COLUMN: The financially draining filler courses


I hope to pursue a career in journalism. However, before I can write columns and create story packages for news, I’m required to know about derivatives and the life of King Arthur.

When I eventually begin working in my field, I can say with utter assurance I won’t ever encounter a dire situation where an entire semester of calculus knowledge will be needed for me to succeed.

The same goes for my King Arthur class. Unless I’m one day tasked with the mission of making a King Arthur documentary, I doubt I’ll ever need to know about the intricacies of his relationship with the fair maiden Guinevere.

College is full of these “filler courses” that are simply labelled as prerequisites meant to enhance our level of general education, and I find them to be a waste of time and money.

If I spent as much time in courses pertaining to journalism as I did in these filler courses, I’d probably be walking out of here with all the experience and knowledge I need to begin my career by now.

Instead, we needlessly spend thousands upon thousands of dollars to stretch our time here in college to four years. It’s important to note, however, I’m not opposed to a four-year college structure if the information we’re being taught is actually relevant to our majors and planned careers.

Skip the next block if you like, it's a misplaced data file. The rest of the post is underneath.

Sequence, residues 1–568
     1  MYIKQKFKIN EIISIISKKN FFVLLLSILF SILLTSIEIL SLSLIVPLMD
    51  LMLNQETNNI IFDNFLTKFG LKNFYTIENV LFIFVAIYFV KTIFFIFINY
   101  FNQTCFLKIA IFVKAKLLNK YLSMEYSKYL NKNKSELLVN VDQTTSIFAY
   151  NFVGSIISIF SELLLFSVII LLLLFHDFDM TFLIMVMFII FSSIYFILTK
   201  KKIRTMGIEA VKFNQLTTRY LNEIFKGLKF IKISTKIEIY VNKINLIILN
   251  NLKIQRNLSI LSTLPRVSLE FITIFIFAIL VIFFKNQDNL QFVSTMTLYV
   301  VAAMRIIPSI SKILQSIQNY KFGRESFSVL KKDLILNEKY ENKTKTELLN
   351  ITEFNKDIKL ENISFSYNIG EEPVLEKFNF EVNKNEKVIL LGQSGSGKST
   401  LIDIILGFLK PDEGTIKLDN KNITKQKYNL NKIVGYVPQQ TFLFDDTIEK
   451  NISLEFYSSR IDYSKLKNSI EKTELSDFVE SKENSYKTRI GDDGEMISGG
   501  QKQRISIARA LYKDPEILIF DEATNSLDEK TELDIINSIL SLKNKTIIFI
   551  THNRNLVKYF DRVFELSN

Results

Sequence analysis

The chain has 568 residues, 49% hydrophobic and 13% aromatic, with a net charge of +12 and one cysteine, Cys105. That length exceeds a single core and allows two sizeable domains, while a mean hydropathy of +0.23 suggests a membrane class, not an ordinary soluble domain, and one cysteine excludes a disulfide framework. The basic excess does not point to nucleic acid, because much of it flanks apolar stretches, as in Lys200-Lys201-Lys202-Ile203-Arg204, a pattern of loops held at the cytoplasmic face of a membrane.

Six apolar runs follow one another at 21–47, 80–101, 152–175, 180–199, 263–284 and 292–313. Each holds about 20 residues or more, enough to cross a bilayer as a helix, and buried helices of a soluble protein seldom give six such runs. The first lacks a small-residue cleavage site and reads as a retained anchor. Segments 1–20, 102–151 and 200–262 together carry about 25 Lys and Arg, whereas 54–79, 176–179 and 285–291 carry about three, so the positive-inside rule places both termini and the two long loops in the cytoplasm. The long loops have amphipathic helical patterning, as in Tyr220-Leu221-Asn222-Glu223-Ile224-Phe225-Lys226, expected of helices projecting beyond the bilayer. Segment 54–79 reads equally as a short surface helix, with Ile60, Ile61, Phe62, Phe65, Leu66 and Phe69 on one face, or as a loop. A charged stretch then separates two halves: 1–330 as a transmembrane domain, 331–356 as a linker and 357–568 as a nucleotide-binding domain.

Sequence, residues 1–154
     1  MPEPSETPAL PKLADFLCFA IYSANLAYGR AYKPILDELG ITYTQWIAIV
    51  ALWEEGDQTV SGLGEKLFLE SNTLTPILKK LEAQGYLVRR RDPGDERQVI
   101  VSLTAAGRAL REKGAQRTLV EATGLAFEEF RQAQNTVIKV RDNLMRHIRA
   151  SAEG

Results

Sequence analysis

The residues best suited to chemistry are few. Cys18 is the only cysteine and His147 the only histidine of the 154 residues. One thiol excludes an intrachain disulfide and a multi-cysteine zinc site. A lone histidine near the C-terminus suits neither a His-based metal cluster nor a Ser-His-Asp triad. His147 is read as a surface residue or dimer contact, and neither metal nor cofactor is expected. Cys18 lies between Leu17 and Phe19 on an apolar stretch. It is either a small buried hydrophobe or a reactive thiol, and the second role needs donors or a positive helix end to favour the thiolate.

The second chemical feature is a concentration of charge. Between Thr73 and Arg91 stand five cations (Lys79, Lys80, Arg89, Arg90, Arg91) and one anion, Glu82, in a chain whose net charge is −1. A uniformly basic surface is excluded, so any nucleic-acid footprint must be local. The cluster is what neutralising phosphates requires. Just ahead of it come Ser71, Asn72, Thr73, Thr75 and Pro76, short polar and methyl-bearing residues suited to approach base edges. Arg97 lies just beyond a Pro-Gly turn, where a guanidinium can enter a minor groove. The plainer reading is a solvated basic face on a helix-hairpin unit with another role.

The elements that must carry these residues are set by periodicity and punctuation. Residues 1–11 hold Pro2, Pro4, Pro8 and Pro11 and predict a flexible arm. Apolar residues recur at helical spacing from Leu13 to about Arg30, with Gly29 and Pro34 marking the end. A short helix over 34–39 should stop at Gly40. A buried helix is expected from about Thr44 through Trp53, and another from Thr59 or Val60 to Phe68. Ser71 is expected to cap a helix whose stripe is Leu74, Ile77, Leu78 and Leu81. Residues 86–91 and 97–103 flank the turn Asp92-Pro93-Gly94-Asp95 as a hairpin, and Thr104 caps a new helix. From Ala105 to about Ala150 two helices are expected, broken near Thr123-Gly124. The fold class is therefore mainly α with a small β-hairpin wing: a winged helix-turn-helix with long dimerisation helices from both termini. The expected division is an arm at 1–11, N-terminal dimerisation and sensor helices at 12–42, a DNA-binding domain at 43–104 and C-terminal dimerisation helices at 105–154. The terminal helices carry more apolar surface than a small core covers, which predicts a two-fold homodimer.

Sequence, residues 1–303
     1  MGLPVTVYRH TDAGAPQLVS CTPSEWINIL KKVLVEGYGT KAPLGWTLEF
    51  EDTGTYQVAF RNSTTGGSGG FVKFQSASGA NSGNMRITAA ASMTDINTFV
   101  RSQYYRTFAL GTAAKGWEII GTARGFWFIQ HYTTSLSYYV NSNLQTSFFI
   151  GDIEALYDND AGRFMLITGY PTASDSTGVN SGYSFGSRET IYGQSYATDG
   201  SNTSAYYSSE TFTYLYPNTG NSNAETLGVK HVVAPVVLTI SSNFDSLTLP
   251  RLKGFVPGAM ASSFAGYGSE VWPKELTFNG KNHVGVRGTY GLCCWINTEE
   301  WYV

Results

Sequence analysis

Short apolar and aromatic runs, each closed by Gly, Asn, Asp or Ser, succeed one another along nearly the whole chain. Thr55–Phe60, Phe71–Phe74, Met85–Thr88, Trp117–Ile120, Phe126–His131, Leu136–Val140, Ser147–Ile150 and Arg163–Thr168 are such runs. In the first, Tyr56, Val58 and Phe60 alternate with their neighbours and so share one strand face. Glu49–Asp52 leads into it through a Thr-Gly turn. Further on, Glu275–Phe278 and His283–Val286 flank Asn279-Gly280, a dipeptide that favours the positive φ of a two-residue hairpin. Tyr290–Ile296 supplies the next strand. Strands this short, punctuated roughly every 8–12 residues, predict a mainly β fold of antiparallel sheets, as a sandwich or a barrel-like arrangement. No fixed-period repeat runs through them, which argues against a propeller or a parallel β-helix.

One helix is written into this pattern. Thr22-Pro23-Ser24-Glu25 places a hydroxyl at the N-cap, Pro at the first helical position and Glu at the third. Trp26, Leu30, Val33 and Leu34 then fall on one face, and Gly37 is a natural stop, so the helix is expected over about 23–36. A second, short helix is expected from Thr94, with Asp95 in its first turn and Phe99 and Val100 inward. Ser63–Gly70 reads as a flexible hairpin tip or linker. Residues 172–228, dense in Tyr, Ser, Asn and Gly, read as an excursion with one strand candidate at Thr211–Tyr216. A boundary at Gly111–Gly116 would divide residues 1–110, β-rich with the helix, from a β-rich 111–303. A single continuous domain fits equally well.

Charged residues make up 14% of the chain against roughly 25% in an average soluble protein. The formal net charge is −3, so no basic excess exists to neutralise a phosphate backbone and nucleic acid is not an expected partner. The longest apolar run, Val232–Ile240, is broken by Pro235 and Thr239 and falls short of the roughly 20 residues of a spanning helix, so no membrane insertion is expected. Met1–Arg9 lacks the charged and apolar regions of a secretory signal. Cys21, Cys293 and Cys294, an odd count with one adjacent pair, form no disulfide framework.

Sadly, that’s the problem. A fair amount of the information we’re taught is irrelevant to us. As a journalism major, I could care less about matrices in finite or formulas for calculus. I’ve done math all my life, and I think I can safely say I have far more knowledge pertaining to it than I’ll ever need.

A huge problem with these irrelevant filler courses is we throw the knowledge we gain from them to the side just weeks after passing the class.

Personally, I know that I’ve forgotten a lot of the information I learned in filler courses. I couldn’t even tell you what a derivative is now, but at least I can say I passed the calculus course.

The problem is I spent so much time working on it. I spent plenty of time going to lectures and doing the dreaded WebWork assignments. Since passing the class, I haven’t encountered any math problems surpassing the difficulty of basic algebra.

I feel that these classes are meant to just take up space in our schedules so that we can only take a few classes that are useful to our majors at a time. The university’s only defense of such sabotage is that it provides us with the ever-so-coveted “well-rounded” education.

In reality, these courses are just a waste of our time and money. We came to college for experience and knowledge that will help us thrive in our careers. We didn’t come to learn information that we’ll never use again, and we certainly didn’t intend to pay so much for it.

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